Document Detail

The subjective and objective benefits of a remote-controlled intraurethral device for managing the female acontractile bladder.
MedLine Citation:
PMID:  14632855     Owner:  NLM     Status:  MEDLINE    
OBJECTIVE: To determine the subjective and objective benefits of the Inflow (SRS Medical Systems, N. Billerica, MA, USA) intraurethral device for managing acontractile bladders in women. PATIENTS AND METHODS: Twenty women with acontractile bladders who had been managed unsuccessfully by the usual methods were recruited. All patients were asked to complete a quality-of-life (QoL) questionnaire and were assessed with urine flowmetry and urine culture; to measure the postvoid residual urine (PVR) in the bladder, ultrasonography was used after activating the device. RESULTS: There was a decrease in the QoL score from a mean of 59.6 before insertion to means of 11.2, 8.8, 6.3 and 5.0 at 1, 3, 6 and 12 months afterward. The mean (range) urinary flow rate was 10.7 (9-16) mL/s and the PVR 3 (0-17) mL. Three patients had temporary asymptomatic bacteriuria and two a single infection after the device was inserted that settled readily with antibiotics. CONCLUSION: This study shows that the Inflow device provides an effective method of bladder drainage, with few side-effects and a significant improvement in QoL.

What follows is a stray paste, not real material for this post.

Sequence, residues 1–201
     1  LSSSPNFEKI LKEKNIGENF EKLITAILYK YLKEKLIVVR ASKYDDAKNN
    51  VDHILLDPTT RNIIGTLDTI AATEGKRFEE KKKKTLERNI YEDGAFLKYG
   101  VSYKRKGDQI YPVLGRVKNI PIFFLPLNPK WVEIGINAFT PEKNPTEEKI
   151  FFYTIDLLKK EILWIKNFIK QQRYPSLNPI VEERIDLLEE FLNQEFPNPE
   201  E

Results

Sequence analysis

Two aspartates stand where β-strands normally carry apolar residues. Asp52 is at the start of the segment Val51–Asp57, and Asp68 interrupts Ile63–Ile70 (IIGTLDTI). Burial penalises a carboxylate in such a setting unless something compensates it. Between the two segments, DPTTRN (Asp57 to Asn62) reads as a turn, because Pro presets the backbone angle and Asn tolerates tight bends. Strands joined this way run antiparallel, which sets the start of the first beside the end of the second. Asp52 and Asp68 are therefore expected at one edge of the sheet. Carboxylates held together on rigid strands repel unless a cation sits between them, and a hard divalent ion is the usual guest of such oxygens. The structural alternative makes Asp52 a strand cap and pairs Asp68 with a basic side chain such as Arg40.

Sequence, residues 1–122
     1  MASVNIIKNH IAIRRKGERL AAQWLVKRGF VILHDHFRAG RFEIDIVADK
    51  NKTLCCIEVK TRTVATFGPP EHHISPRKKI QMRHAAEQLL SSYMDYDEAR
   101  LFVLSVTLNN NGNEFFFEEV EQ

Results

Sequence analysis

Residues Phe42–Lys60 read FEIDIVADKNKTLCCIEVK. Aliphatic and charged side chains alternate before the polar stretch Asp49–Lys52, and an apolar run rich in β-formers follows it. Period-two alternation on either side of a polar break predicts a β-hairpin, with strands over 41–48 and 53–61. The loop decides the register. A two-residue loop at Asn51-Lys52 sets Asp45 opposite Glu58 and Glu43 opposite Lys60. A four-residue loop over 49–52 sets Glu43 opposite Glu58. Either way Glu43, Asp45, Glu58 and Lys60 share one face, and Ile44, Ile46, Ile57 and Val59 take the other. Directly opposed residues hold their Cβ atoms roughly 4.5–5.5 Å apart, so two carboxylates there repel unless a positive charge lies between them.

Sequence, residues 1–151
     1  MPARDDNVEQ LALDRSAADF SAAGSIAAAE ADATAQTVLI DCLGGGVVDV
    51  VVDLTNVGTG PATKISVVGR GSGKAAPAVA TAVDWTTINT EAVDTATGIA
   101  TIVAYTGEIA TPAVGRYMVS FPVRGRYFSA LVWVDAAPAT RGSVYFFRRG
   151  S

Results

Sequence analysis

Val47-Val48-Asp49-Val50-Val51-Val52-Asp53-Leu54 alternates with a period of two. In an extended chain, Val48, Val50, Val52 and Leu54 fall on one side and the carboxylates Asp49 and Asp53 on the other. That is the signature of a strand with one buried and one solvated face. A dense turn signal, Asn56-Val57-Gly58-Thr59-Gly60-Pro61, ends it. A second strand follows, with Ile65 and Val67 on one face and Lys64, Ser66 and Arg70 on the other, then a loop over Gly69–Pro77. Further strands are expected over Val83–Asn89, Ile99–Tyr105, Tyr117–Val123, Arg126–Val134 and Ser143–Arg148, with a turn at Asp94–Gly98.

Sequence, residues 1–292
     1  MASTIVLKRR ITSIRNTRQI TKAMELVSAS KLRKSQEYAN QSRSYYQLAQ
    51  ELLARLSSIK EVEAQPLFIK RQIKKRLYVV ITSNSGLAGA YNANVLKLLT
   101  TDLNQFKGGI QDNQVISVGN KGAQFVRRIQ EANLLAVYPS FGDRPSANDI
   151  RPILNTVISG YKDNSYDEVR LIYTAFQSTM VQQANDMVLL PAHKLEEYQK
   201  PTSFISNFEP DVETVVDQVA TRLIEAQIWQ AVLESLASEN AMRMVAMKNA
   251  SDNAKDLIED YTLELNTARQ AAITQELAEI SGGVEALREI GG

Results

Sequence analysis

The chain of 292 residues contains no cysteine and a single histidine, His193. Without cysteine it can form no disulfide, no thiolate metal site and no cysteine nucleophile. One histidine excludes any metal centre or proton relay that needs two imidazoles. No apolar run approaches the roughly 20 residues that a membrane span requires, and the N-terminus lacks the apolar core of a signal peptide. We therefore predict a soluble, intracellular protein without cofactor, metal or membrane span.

W J Lynch; G A Testa; D F Bell
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Publication Detail:
Type:  Evaluation Studies; Journal Article    
Journal Detail:
Title:  BJU international     Volume:  92     ISSN:  1464-4096     ISO Abbreviation:  BJU Int.     Publication Date:  2003 Dec 
Date Detail:
Created Date:  2003-11-24     Completed Date:  2004-01-29     Revised Date:  2006-11-15    
Medline Journal Info:
Nlm Unique ID:  100886721     Medline TA:  BJU Int     Country:  England    
Other Details:
Languages:  eng     Pagination:  960-3     Citation Subset:  IM    
Department of Urology, The St George Hospital, Sydney, NSW, Australia.
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MeSH Terms
Aged, 80 and over
Catheters, Indwelling
Equipment Design
Middle Aged
Quality of Life
Urinary Bladder Diseases / therapy*,  ultrasonography
Urinary Catheterization / instrumentation*
Urinary Retention / therapy*,  ultrasonography

From MEDLINE®/PubMed®, a database of the U.S. National Library of Medicine

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